The persecution of the christians had political reasons. They behaved in a very agressive way and followed odd practices. If they had integrated into society like everyone else (the Romans have always been very tolerant to any religion!) there would have been no problem.

  • Nicholas Fill

    It’s interesting to see that many of the emperors on this list are unknown to the general public. Also, without thinking, I am sure many people would believe that Nero is the most infamous. However, you have proven that is not the case. I am surprised of both the devilish manner of Caligula and the amount that the people hate him. If they stabbed him and beat his daughter in such a brutal way, there may be even more evil he committed then studied.

  • Mitch Bartholomai

    Thank you for showing me more about the roman rulers that i knew nothing about before! it was really nice getting caught up on some of the main events that happened withing the main emperors and empresses! Thanks!

    • Dr. Matthew D. Zarzeczny, FINS

      Dear Mitch,

      You’re welcome!


      Dr. Matthew Zarzeczny

  • Ryan Winchell

    I did not realize how bizarre some of the Roman Emperors and Empresses were until reading this article. The strange acts of these rulers, some of which are stated in primary sources, are alarming and absurd. I think Tiberius, Nero, and Caligula are the weirdest emperors on the list.

  • Tyler

    We always hear about the great Roman Emperor Caesar, but I found it quite funny that some of the former rulers of Rome weren’t great rulers at all, and as for the article the Infamous Emperor Elagabalus, I cant beleive he was capable of doing all that while still running the great Roman Empire.

    • Dr. Matthew D. Zarzeczny, FINS

      Speaking of Caesar, did you see what historically inaccurate thing they had happen to him on the last episode of Spartacus?! I was quite appalled… Good show and all, but that scene was not necessary!

  • grt

    Actually, Neros mistake was: he was not in Rome when it burned! Though he acted fast as he heard about it (ordered help for citizens, opened the parks for them and such things) people never forgave him his absence. And the christians then rewrote the whole story for their purposes…
    Same goes for Caligula, who, according to newer research, seemed to be a quiet and modest ruler. Caligula was not crazy, he simply broke with some traditions and got in conflict with the roman aristocracy. What Suetonios wrote was in fact denunciation.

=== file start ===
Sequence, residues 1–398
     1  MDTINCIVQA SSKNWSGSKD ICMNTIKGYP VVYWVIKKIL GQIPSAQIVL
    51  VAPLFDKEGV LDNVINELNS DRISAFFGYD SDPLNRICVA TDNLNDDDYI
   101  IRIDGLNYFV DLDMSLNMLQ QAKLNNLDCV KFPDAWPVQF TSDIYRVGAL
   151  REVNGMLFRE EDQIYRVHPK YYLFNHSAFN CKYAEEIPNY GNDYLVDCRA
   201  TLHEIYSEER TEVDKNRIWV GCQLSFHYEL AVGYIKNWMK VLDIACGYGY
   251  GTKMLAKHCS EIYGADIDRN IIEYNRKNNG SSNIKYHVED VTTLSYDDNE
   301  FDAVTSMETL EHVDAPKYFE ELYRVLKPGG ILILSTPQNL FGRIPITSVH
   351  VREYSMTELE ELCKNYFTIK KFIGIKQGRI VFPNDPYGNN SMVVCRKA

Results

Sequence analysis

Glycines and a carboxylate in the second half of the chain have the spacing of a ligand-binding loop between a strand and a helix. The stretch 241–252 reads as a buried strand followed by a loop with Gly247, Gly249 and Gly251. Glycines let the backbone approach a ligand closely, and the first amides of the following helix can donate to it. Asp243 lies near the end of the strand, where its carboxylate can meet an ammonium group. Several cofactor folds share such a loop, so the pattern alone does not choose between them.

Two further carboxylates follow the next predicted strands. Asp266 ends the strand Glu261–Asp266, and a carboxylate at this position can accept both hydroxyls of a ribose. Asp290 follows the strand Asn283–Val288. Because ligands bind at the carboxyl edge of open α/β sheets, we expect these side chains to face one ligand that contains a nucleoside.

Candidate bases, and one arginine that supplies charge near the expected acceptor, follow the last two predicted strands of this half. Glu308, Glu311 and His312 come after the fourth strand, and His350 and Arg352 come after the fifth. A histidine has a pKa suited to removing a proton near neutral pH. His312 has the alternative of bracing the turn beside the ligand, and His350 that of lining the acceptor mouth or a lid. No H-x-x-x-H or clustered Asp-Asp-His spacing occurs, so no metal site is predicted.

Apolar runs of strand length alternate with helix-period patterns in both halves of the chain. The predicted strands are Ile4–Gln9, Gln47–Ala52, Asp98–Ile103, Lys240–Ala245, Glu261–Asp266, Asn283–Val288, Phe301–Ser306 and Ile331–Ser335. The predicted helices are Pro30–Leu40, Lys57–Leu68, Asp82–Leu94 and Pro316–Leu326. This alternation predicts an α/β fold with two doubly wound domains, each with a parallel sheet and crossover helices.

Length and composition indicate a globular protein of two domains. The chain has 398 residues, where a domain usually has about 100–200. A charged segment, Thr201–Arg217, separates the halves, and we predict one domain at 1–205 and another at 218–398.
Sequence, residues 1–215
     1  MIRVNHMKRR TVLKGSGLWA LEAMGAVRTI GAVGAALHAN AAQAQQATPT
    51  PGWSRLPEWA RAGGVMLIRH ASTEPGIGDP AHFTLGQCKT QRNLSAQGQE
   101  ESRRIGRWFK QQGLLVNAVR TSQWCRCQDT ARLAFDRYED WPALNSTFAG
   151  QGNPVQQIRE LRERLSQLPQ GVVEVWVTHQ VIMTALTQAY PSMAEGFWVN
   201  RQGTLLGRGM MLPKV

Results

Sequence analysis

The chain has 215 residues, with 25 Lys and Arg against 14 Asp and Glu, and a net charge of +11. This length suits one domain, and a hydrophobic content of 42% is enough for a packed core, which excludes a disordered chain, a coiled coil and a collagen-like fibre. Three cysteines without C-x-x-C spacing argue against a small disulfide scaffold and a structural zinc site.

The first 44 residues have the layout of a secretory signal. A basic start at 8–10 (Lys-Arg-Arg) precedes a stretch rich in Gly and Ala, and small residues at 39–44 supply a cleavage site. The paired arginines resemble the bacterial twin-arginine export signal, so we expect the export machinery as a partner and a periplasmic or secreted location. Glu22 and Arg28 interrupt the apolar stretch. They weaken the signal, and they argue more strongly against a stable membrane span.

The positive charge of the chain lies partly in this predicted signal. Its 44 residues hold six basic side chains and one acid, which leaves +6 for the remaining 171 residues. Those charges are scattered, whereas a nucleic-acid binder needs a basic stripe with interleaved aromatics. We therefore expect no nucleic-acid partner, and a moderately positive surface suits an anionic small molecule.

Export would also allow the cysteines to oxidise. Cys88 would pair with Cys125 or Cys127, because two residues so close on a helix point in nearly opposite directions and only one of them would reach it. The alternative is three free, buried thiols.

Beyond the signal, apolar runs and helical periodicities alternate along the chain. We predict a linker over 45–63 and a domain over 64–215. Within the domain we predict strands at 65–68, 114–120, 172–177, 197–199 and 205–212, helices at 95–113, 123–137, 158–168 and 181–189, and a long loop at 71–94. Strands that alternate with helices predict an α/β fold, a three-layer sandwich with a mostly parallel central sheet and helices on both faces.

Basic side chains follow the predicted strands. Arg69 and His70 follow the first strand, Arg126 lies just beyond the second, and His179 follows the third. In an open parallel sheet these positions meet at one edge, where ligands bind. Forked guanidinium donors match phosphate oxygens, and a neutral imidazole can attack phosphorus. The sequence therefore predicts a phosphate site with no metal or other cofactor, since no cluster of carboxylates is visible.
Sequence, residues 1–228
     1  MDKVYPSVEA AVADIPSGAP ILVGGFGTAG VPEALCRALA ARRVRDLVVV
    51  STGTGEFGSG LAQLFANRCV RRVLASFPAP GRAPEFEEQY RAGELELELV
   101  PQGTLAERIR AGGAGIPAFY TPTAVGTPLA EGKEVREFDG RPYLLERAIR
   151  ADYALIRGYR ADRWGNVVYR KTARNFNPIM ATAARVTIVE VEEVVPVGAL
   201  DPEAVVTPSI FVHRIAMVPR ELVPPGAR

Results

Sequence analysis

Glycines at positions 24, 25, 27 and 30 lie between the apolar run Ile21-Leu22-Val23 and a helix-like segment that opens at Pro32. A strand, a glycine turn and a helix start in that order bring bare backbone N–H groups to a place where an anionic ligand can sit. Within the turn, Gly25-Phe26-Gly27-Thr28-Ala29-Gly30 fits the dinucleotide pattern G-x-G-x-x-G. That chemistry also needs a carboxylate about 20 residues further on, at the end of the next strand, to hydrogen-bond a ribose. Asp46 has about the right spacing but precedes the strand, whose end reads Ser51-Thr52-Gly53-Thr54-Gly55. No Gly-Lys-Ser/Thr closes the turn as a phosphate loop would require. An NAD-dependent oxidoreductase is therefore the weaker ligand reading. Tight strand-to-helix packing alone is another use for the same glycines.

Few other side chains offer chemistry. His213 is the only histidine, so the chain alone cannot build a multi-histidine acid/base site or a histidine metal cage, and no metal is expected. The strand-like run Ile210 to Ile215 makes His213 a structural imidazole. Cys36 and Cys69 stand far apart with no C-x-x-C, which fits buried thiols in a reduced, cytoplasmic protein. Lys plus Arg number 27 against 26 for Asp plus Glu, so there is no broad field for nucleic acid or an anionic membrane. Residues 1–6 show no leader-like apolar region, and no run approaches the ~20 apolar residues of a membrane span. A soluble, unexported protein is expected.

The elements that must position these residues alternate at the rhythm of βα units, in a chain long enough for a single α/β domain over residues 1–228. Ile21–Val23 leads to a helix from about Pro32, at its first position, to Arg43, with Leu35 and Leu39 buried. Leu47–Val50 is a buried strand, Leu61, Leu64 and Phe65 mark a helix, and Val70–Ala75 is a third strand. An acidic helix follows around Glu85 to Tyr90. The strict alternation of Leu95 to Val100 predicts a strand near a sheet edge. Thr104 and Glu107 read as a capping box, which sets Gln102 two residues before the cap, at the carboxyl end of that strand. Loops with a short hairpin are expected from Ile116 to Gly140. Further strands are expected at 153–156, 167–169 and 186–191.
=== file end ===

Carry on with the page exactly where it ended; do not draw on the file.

• Alexus

    I found Agrippina very interesting because who would have thought she would murder her husband with poisonous mushrooms. The story even gets more twisted when both mother and son agree to murder Nero’s half brother. After they succeed, Nero decides to kill his mother which I did not see coming since they both planned a solid plan to kill Nero’s half brother. This specific story really caught my attention and expanded my knowledge on some emperors and empresses!

    • grt

      But you have to be aware that the sources for this story are highly dubious and they all contradict each other. This story is more like a fairytale.

  • Adam Lenhart

    All I can say is that I am glad that I am not picking an order for the most infamous Roman emperors and empresses. All the cruelty is just a little too weird for me to assign a rank to any one of them. Augh!

  • Chelsea

    Dr Z,
    This was a very interesting article; extremely informative considering I have no heard of many of these emperors/empresses, so reading about their achievements and ingenuity was quite interesting.

  • Arimathean

    The icon shown for Empress Irene is actually that of the Great Martyr Irene. They are not the same person. Furthermore, it is not even clear that the empress of that name was ever named as a saint. The few icons labeled as “Irene the Empress” look identical to those of Great Martyr Irene. I suspect that both her icons and her being regarded as a saint have resulted from a relatively recent confusion of the two Irenes. The empress’s behavior towards her son, which you have recounted, would disqualify her from sainthood if not repented.